Take the pledge to vote

For a better tommorow#AajSawaroApnaKal
  • I agree to receive emails from News18

  • I promise to vote in this year's elections no matter what the odds are.
  • Please check above checkbox.

    SUBMIT

Thank you for
taking the pledge

Vote responsibly as each vote counts
and makes a diffrence

Disclaimer:

Issued in public interest by HDFC Life. HDFC Life Insurance Company Limited (Formerly HDFC Standard Life Insurance Company Limited) (“HDFC Life”). CIN: L65110MH2000PLC128245, IRDAI Reg. No. 101 . The name/letters "HDFC" in the name/logo of the company belongs to Housing Development Finance Corporation Limited ("HDFC Limited") and is used by HDFC Life under an agreement entered into with HDFC Limited. ARN EU/04/19/13618
LIVE TV DownloadNews18 App
News18 English
News18 » India
2-min read

‘If Science Loses, Everyone Loses’: Indian-origin Nobel Laureate Calls for 'Sensible' post-Brexit Immigration plan

Prof Venkatraman Ramakrishnan on Monday warned that Britain is in danger of losing its position as a leading scientific hub.

PTI

Updated:September 18, 2018, 2:55 PM IST
facebookTwitterskypewhatsapp
‘If Science Loses, Everyone Loses’: Indian-origin Nobel Laureate Calls for 'Sensible' post-Brexit Immigration plan
Nobel Prize winning biologist Venkatraman Ramakrishnan (Photo source: Wikipedia)
Loading...

London: India-born Nobel Prize winning biologist Venkatraman (Venki) Ramakrishnan has called for a "sensible" post-Brexit immigration system to ensure that mobility of scientists is maintained when Britain leaves the European Union (EU) next year.

"We feel that we are at a crossroads for British and European science as a result of the current negotiations that are going on. There is a lot of talk about various issues around Brexit and we are worried that in all these talks and negotiations, somehow science should not take a back seat," said Prof. Venki. "If science loses, everyone loses," he said.

Prof Venki, who as president of the UK's Royal Society is the country's key advocate for science, has warned that Britain is in danger of losing its position as a leading scientific hub in the event of a no-deal or bad-deal scenario in the ongoing negotiations on the country's future ties with the EU.

In a referendum in June 2016, a majority of British voters supported leaving the 28-member EU. The UK will formally exit from the EU on March 29, 2019. "We in the Royal Society and the rest of the scientific community are working very hard to have a new sensible system for immigration that would be fast, transparent, efficient and with proportionate costs," said Prof Venki.

"We plan to fight very, very hard to make mobility straight forward, regulations transparent and efficient so that this is less of an issue. This is a political fight, but we intend to do our best," he said at a Royal Society event in London on Monday.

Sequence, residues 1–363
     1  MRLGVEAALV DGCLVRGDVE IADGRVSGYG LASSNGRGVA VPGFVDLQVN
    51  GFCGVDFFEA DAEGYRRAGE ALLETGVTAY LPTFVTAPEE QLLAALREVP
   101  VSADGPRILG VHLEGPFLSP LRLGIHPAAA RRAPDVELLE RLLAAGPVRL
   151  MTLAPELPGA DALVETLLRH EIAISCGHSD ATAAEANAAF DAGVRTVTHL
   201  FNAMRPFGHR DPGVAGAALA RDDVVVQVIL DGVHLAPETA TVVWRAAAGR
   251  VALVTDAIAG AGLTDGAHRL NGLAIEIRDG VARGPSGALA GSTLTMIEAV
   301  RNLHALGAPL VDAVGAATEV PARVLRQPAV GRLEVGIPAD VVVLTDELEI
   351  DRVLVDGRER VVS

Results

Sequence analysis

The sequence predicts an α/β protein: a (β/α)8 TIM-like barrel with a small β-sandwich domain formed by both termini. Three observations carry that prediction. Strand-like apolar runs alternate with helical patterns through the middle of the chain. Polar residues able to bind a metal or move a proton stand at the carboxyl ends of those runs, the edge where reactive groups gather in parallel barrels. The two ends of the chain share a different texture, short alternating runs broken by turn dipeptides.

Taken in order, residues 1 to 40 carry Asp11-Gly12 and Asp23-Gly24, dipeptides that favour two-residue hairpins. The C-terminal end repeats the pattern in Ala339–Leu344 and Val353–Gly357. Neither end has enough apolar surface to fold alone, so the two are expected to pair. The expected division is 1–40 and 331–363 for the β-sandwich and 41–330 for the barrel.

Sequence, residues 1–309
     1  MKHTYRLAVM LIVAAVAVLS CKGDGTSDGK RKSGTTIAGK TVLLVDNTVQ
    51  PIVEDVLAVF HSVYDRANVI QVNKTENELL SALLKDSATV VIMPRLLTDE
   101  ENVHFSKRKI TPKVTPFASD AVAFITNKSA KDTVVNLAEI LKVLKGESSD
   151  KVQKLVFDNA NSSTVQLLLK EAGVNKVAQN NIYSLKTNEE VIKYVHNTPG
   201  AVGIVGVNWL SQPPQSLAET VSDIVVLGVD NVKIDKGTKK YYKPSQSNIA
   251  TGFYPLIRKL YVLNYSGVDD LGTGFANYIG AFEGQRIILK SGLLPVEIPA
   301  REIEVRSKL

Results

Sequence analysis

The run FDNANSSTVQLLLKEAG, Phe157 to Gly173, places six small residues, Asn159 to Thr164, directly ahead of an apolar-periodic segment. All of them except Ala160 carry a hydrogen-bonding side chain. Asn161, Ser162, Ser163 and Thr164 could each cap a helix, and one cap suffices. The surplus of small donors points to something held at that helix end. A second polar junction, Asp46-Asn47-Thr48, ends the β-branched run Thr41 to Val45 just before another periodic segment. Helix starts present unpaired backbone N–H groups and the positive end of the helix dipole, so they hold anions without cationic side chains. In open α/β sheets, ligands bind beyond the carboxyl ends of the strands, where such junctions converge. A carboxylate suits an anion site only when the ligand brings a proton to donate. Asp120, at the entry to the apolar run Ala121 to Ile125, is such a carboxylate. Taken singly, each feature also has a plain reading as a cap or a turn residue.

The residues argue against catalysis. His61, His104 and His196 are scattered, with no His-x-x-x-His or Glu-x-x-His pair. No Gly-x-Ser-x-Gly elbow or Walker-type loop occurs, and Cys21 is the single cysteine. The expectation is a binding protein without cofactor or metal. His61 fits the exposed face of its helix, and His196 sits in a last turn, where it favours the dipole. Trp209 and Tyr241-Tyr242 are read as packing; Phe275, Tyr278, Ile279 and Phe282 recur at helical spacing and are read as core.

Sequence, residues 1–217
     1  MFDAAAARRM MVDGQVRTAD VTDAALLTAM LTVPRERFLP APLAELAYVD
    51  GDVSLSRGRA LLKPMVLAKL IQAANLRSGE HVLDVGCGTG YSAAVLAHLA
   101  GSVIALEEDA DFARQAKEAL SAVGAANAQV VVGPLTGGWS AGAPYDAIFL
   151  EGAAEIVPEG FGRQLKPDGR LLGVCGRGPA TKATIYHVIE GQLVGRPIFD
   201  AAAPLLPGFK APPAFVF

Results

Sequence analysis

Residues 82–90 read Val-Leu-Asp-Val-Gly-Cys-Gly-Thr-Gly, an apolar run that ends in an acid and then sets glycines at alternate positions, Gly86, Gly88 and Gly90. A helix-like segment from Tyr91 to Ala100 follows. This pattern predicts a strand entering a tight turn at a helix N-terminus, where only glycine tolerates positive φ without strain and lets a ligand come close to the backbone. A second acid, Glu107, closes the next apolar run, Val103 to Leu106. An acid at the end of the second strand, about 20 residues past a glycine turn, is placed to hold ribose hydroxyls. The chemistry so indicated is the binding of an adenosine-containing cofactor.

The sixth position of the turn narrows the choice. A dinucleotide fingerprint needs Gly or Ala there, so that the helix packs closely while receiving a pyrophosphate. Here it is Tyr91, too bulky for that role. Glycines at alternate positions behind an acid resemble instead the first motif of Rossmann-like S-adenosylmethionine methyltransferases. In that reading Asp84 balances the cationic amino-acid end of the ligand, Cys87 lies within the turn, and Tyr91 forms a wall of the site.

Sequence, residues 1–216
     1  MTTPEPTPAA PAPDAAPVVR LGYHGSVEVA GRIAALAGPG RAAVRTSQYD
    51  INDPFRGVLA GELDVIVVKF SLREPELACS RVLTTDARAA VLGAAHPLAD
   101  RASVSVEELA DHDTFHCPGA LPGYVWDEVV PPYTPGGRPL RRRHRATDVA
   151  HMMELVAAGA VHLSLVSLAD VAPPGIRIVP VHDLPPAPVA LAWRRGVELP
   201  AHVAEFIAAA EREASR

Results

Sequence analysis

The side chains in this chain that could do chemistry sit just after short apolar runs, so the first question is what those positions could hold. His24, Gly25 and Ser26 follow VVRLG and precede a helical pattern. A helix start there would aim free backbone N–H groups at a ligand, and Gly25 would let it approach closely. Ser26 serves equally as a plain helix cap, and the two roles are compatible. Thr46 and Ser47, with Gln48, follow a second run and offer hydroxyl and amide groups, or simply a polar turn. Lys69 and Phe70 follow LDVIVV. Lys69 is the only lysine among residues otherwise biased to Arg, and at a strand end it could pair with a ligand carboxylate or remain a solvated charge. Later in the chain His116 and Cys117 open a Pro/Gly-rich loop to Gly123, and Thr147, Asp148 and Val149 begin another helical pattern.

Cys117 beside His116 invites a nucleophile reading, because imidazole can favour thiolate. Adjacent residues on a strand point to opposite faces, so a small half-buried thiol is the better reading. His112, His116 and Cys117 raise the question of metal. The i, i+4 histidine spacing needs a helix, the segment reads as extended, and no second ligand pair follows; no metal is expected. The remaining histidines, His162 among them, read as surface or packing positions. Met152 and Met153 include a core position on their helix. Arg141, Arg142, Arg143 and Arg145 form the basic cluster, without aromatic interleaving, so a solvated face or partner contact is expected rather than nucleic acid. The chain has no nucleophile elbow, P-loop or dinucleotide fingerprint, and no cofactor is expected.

Venki, who was knighted by Queen Elizabeth II in 2012 for his contribution to science, was joined by two former Royal Society presidents  geneticist Sir Paul Nurse and astronomer Lord Martin Rees  to warn that the political aspects of the Brexit debate threatened to drown out the interests of the scientific community.

Venki, who was born in Chidambaram, Tamil Nadu, and went on to study biology in the US before moving to the UK 19 years ago, recalled a fairly simple process he underwent at the time. "The requirements today are so onerous that they act as a barrier," he said.

“The current immigration system for non-EU migrants is utterly not fit for purpose. It is onerous, it puts people off, it costs too much money. The present political drivers for Brexit have very little sympathy for these arguments because of the anti-immigration impact,” noted Paul Nurse, Director of the Francis Crick Institute in London.

The latest intervention by Britain's scientists comes at a time when British Prime Minister Theresa May is getting ready to present her so-called Chequers strategy to the EU, which is based on a common rulebook approach to trade.

The scientific community is calling on her government to retain a close association with European science, in the form of a "closest possible associate membership" within the overall deal with the EU.

The Royal Society warns that a no-deal or bad-deal Brexit means the UK stands to lose access to over GBP 1 billion a year in EU research funding, access to new medicines and technologies, regulatory alignment, access to highly-skilled scientists as well as reputational damage as an open and welcoming country for talent.

"Countries depend on reputation for their science because we live in a global marketplace for talent and if we are perceived as an open society, that's welcoming to the best of world, then that enhances science and that is good for everybody," said Venki.

Get the best of News18 delivered to your inbox - subscribe to News18 Daybreak. Follow News18.com on Twitter, Instagram, Facebook, TikTok and on YouTube, and stay in the know with what's happening in the world around you – in real time.

Subscribe to Moneycontrol Pro and gain access to curated markets data, trading recommendations, equity analysis, investment ideas, insights from market gurus and much more. Get Moneycontrol PRO for 1 year at price of 3 months. Use code FREEDOM.

Read full article
Loading...
Next Story
Next Story

Also Watch

facebookTwitterskypewhatsapp

Live TV

Loading...
Countdown To Elections Results
To Assembly Elections 2018 Results